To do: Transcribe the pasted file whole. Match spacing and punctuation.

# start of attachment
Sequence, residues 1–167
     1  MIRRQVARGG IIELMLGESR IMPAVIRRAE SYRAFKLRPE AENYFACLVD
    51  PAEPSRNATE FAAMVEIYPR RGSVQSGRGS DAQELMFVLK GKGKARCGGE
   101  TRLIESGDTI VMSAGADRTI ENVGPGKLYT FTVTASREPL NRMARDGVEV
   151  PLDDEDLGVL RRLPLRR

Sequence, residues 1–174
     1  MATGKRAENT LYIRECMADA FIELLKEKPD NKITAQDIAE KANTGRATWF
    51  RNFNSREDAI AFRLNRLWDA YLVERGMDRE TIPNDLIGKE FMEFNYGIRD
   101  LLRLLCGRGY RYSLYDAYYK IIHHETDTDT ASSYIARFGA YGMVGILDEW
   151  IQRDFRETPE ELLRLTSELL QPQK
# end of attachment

Sequence, residues 1–167
     1  MIRRQVARGG IIELMLGESR IMPAVIRRAE SYRAFKLRPE AENYFACLVD
    51  PAEPSRNATE FAAMVEIYPR RGSVQSGRGS DAQELMFVLK GKGKARCGGE
   101  TRLIESGDTI VMSAGADRTI ENVGPGKLYT FTVTASREPL NRMARDGVEV
   151  PLDDEDLGVL RRLPLRR

Sequence, residues 1–174
     1  MATGKRAENT LYIRECMADA FIELLKEKPD NKITAQDIAE KANTGRATWF
    51  RNFNSREDAI AFRLNRLWDA YLVERGMDRE TIPNDLIGKE FMEFNYGIRD
   101  LLRLLCGRGY RYSLYDAYYK IIHHETDTDT ASSYIARFGA YGMVGILDEW
   151  IQRDFRETPE ELLRLTSELL QPQK